Sunday, February 3, 2013

GearPods Survival Pro Review

I love survival kits and have had many in the past. Most are similar: small boxes with the same few items. So when I see something different, I must take it for a spin. I ran across the GearPods Survival Pro and it came in a container unlike anything I've seen.

This container is known as a GearPod and it's basically a modular container system. GearPods offers these separately or packed with various gear- ranging from survival to first aid. They can also be had in a variety of colors (shown here: olive drab).
GearPod Survival Pro shown with connector and extra GearPod capsule
As I said above the container is much different than anything on the market, but for good reason. Its around the same diameter as most sports bottles. But why you ask? This allows the GearPod to be stored in most places bottles are stored such as: bicycle bottle cages or backpack side mesh bottle pockets to name a few. Something I can appreciate being an avid mountain biker. I rarely carry a pack when mountain biking and like the fact the GearPod allows me to carry essential gear. You can purchase a mountain bike cage for this kit here.
As I stated above the GearPod is a modular storage system. GearPods come in different sizes to add additional gear to the pre-made kits like the Survival Pro. This allows the user to customize pre-made kits or assemble their own. Shown above is the Survival Pro with another GearPod attached.



I was blown away by the contents and design of the Survival Pro. All bases are pretty much covered with this kit for a temperate environment. Extreme cold environment may need some supplementation and I'll go into that later.

When first removing the contents one is presented with an anodized aluminum cup with a plastic mouthpiece, survival instructions, and a GearPods' small nylon stuff sack. I might add all are top quality and gave me a good initial impression.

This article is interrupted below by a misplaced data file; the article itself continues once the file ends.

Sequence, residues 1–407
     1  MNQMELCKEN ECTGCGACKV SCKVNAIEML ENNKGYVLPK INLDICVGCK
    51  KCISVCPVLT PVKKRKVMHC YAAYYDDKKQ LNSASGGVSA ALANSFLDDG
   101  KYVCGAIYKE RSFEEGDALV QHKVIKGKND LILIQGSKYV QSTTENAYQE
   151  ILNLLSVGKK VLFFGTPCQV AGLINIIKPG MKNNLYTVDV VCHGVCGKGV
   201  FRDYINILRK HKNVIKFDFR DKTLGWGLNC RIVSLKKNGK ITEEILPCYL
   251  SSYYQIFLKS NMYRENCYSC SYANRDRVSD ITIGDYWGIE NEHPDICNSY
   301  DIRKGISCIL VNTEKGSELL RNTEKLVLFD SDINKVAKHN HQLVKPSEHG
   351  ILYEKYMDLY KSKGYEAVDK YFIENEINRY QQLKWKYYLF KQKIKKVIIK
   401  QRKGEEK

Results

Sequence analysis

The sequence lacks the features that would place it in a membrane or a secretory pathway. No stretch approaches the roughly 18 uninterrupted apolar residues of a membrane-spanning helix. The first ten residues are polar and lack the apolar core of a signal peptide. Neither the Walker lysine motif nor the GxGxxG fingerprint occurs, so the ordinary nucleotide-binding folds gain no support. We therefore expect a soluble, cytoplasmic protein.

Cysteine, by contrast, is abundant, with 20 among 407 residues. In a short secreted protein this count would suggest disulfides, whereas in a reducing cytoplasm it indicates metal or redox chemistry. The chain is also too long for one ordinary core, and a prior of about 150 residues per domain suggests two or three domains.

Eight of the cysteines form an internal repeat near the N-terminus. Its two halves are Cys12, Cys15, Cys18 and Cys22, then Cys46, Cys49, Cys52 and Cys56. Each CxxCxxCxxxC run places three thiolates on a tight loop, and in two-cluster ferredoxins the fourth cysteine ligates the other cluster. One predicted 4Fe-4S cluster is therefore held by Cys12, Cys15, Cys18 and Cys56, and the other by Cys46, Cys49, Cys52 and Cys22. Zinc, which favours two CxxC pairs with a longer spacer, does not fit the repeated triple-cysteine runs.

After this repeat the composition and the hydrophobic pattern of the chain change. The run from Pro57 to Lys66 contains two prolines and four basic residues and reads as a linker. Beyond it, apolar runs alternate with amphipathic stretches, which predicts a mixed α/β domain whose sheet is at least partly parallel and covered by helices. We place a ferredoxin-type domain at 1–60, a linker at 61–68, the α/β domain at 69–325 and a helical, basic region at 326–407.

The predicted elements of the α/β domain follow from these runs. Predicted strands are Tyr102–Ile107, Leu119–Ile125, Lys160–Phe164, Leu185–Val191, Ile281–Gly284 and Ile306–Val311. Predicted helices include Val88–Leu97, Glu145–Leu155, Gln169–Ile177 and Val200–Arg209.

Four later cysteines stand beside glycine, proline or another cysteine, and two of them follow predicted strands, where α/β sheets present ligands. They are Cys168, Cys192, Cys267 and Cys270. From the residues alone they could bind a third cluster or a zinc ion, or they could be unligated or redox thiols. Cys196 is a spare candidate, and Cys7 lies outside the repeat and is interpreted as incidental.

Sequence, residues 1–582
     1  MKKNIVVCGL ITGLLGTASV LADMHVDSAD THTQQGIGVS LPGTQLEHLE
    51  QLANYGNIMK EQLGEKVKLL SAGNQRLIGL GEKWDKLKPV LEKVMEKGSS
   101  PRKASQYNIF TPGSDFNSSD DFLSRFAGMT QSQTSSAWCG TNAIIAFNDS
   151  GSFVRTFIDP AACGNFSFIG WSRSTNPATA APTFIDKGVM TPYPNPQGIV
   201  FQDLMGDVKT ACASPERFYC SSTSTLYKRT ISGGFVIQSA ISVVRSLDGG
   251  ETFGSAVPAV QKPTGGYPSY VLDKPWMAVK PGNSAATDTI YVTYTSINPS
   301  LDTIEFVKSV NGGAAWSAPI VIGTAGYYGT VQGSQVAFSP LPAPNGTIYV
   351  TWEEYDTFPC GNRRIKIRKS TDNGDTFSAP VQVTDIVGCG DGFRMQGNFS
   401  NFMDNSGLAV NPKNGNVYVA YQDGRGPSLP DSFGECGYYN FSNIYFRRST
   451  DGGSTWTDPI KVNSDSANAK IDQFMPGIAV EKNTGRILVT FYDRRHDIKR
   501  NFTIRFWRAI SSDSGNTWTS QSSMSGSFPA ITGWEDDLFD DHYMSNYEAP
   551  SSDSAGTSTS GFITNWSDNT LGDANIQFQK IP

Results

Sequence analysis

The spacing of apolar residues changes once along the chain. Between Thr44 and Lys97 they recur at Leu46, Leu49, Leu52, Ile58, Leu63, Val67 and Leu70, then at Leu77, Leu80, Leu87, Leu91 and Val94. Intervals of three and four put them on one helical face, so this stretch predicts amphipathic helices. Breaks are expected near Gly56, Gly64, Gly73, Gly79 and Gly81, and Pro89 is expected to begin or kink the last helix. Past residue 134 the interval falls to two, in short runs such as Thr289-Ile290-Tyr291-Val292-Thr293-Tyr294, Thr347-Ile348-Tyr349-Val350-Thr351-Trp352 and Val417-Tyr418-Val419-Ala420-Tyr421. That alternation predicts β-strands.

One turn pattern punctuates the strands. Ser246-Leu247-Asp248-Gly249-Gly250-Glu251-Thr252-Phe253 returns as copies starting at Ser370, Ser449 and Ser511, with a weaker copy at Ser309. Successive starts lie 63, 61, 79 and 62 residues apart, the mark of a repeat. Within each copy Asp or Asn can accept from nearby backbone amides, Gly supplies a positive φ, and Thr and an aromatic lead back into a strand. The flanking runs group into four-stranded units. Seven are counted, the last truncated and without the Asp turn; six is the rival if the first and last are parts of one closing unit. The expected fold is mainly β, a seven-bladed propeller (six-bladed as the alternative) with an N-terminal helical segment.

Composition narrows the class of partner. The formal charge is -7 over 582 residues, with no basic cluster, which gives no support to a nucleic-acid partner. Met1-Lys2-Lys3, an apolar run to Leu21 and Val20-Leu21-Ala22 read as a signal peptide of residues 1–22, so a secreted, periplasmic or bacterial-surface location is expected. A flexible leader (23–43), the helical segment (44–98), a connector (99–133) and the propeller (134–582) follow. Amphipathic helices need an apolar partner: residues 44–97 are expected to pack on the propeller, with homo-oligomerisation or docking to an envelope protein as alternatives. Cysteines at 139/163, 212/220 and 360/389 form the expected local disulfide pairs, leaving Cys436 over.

Most all survival kits come with instructions. Many I've read seem to be excerpts copied from the U.S. Army Survival Manual (1950-ish) and are usually impractical. The Survival Pro instructions are well written and would give even the not-so-knowledgeable survivor a good head start.
Starting off with the items in the first stuff sack:

  • Anodized Aluminum Stove
  • 2 Esbit-type cubes (firestarting or to be used with stove)
  • 4 Tinder Quik Tabs
  • GearPods Micro Light with On/Off switch
  • Fox 40 Micro Whistle
  • 25 ft of Braided Nylon Cordage (70lbs test)
All of the above items are of high quality. Tinder Quik tabs are some of my favorite for spark based fire starting. Esbit-type fuel tabs burn smoke free and stay lit for around 8-10 minutes, they can also be split so that the whole cube doesn't have to be used at once.

Audible signaling is sometimes critical when needing to be found. The Survival Pro included the very popular Fox 40 Micro Whistle. These whistles alone typically cost around $7 when purchased separately. Much of the gear included has he GearPods logo etched or imprinted on them. A nice touch that shows attention to detail down to the smallest items. The GearPods Light is of the LED keychain variety, it has an constant ON switch (only a few I'm aware of have that capability on the market). This would be beneficial if you got injured  and need to hold the light in your teeth while working in the late night hours.